MAR 31, 2014 12:00 AM PDT

MIT Engineers Design Functional Living Materials

WRITTEN BY: Jen Ellis
The list of intersections of biological and man-made systems continues to grow, as researchers look at novel ways to enhance biological systems to introduce new properties. A research team from the Massachusetts Institute of Technology (MIT) has added to this growing list by creating altered bacterial biofilms that are capable of incorporating non-biological components on the nano-scale. Quantum dots and gold nanoparticles are two of the examples cited.

In essence, the team has combined living systems with non-living functional components, thus gaining the advantage of both systems. The living bacterial films can respond to their surroundings and create complex molecular arrangements, while the non-living materials can provide properties such as light emission or the conducting of electricity. Their work was published in a recent issue of Nature Materials.

The research team formed their films using E. coli bacteria because of their "curli fibers", which are strings of amyloid proteins that the E.Coli bacteria uses to adhere to surfaces. Curli fibers are composed of repeating CsgA protein units.

These units are relatively easy to modify through adding alternate protein fragments known as peptides within the repeating units. Peptides can attract and hang onto nanoscale non-living materials, thus incorporating them into the films that are formed.

The team was able to program the cells to alter the compositions of the curli fibers, or the conditions under which the curli fibers undergo changes. This allowed them to tune and control the cells to incorporate specific materials in biofilms and produce a desired property.

In a way, the researchers tore down the biosystem in order to rebuild it, starting with disabling the natural ability of the bacterial cells to manufacture CsgA.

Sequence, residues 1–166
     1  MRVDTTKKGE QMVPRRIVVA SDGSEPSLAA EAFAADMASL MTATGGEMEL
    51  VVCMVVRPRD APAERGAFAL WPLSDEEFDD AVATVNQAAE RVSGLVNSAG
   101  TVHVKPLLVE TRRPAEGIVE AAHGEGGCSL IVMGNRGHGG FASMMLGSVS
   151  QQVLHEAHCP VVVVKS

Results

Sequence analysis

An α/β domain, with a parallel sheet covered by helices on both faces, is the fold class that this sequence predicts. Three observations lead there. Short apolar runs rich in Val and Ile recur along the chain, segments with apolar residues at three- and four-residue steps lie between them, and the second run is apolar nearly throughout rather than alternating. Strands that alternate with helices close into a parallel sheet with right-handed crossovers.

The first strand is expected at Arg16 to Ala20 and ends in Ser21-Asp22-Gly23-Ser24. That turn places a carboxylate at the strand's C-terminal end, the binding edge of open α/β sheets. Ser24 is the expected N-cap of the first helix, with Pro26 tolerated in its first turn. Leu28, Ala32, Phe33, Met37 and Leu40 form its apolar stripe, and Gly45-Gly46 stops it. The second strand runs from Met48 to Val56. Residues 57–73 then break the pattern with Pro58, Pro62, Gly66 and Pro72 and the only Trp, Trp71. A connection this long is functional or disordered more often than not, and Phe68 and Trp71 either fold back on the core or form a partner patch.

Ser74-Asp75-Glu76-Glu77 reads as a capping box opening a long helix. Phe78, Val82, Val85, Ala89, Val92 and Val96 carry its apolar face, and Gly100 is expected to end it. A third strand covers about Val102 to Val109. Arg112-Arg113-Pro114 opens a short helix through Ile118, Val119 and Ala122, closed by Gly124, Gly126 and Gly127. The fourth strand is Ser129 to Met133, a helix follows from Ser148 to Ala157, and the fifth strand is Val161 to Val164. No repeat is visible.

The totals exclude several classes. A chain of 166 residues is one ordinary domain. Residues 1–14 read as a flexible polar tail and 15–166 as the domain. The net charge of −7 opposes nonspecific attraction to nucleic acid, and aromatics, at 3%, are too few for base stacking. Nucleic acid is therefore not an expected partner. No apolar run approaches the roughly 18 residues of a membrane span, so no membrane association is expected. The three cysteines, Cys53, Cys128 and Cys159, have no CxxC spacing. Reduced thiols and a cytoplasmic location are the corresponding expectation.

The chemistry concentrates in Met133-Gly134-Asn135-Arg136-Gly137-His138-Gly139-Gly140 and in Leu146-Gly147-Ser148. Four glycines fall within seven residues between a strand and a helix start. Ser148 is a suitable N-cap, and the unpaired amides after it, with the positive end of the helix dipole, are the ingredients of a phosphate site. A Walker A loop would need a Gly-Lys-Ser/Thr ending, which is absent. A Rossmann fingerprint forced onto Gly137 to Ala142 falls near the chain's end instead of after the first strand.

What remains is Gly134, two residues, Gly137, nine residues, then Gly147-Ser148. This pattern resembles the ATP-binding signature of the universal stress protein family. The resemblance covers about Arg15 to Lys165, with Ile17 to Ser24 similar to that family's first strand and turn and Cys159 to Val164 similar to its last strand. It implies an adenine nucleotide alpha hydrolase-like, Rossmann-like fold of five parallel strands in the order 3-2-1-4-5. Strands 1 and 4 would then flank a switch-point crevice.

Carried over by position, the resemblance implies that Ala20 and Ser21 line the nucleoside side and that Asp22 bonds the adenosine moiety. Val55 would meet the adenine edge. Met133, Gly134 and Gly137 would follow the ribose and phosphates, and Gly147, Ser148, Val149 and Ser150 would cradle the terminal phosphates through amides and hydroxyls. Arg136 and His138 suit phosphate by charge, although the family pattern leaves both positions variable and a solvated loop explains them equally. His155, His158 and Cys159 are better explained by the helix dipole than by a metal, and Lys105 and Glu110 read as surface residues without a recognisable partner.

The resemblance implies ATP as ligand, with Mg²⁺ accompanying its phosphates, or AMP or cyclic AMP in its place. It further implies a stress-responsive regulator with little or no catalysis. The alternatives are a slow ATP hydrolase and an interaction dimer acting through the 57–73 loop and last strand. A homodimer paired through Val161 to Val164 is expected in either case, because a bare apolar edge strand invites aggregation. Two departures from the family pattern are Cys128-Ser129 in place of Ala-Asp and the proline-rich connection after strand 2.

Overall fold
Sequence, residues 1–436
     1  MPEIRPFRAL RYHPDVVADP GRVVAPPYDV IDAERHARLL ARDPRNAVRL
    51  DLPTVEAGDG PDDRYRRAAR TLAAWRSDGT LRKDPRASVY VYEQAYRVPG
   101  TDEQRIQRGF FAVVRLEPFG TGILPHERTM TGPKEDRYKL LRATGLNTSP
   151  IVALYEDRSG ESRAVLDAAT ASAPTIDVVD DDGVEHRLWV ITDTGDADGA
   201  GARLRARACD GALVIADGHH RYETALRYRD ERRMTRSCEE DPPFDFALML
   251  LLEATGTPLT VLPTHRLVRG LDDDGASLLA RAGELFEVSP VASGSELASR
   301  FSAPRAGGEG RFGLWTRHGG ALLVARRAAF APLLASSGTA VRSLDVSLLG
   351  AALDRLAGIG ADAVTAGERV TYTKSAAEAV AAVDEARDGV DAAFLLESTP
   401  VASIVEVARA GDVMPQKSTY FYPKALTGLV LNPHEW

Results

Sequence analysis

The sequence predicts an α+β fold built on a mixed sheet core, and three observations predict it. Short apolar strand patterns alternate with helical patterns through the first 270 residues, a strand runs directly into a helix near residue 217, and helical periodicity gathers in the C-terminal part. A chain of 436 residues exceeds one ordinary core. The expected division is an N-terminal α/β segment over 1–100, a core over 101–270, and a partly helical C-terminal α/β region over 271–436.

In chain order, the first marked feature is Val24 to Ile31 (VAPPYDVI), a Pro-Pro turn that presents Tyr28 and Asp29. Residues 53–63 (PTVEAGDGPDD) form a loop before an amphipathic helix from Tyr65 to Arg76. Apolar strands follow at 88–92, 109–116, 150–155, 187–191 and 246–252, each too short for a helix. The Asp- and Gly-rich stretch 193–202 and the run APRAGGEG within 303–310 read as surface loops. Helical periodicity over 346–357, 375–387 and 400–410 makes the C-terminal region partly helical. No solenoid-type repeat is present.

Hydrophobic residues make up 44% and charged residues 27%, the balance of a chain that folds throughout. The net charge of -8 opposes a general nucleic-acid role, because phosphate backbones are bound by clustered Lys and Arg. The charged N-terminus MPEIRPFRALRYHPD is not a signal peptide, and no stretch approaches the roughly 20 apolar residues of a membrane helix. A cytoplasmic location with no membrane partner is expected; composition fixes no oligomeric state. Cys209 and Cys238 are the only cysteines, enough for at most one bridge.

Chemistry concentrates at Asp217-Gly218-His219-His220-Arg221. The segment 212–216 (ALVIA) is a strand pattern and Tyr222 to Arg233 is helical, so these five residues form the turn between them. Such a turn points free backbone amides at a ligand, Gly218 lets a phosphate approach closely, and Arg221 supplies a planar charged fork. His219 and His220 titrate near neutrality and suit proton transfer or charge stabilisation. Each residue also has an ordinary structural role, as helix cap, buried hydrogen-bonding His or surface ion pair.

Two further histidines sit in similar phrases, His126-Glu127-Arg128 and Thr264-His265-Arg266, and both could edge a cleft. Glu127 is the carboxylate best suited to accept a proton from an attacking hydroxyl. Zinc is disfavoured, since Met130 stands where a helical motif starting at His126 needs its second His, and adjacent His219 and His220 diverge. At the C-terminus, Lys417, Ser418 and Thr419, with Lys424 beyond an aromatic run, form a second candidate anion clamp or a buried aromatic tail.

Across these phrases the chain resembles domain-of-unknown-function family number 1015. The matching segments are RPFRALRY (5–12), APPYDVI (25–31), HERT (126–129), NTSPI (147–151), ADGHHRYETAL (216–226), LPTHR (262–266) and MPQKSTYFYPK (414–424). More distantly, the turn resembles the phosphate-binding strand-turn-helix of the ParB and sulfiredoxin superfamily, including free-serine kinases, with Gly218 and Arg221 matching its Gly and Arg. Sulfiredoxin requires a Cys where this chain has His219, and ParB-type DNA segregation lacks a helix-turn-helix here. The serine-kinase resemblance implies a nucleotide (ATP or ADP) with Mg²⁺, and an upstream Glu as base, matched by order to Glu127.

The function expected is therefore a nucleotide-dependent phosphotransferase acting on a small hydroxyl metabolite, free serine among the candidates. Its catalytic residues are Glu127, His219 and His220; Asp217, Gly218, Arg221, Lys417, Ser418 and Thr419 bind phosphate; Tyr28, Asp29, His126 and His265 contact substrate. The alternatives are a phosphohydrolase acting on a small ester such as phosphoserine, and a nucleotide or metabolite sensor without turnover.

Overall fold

The next step was to integrate a component that allowed them to dictate the circumstances when the cell could produce CsgA. For this work, the team engineered the cells to only produce CsgA when a chemical known as AHL was present. Under these conditions, the CsgA will coalesce, thus forming a biofilm.

To provide a contrast, E.Coli cells were engineered to create peptide-tagged CsgA, incorporating peptides containing histidine. The peptide-tagged reaction was set to be triggered by the presence of a different chemical known as aTc.

By selectively controlling exposure to AHL and aTc, the team could effectively "pattern" a biofilm, creating separate peptide-tagged and non-tagged areas. Gold nanoparticles that are introduced into the environment will be attracted to and held by the histidine in the tagged areas, thus forming gold nanowires within the biofilm-a living electrical circuit of sorts.

Basic electrical conductivity is just a proof of concept for more interesting hybrid materials to come. Hybrid materials of this nature could be developed for a variety of uses-from tailored design of solar cells or specialized biosensors to providing platforms for tissue engineering and teaming with enzymes to increase the efficiency of biofuel production.

As the technology progresses and scientists become more familiar with the possibilities, limitations and economics of practical applications, we can expect even more interesting uses to crop up-and the intersection of biological systems and man-made systems will grow even further.
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